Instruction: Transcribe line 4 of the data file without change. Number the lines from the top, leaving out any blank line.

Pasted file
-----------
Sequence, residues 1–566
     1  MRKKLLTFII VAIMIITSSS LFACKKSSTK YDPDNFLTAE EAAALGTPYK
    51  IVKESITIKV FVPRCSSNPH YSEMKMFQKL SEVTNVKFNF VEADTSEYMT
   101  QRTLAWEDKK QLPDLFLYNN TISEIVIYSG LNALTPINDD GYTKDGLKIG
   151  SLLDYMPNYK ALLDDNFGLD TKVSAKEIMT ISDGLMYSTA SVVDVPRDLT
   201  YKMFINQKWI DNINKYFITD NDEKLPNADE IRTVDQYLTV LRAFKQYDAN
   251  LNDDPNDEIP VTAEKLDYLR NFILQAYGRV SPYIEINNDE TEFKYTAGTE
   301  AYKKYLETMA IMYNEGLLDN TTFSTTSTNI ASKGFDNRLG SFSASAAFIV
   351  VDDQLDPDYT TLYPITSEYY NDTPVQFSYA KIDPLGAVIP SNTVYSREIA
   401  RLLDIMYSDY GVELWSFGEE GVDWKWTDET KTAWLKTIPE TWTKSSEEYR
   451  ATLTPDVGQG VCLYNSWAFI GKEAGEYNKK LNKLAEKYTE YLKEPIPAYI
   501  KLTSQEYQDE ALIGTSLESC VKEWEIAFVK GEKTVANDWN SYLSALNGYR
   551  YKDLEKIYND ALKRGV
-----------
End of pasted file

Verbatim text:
   101  QRTLAWEDKK QLPDLFLYNN TISEIVIYSG LNALTPINDD GYTKDGLKIG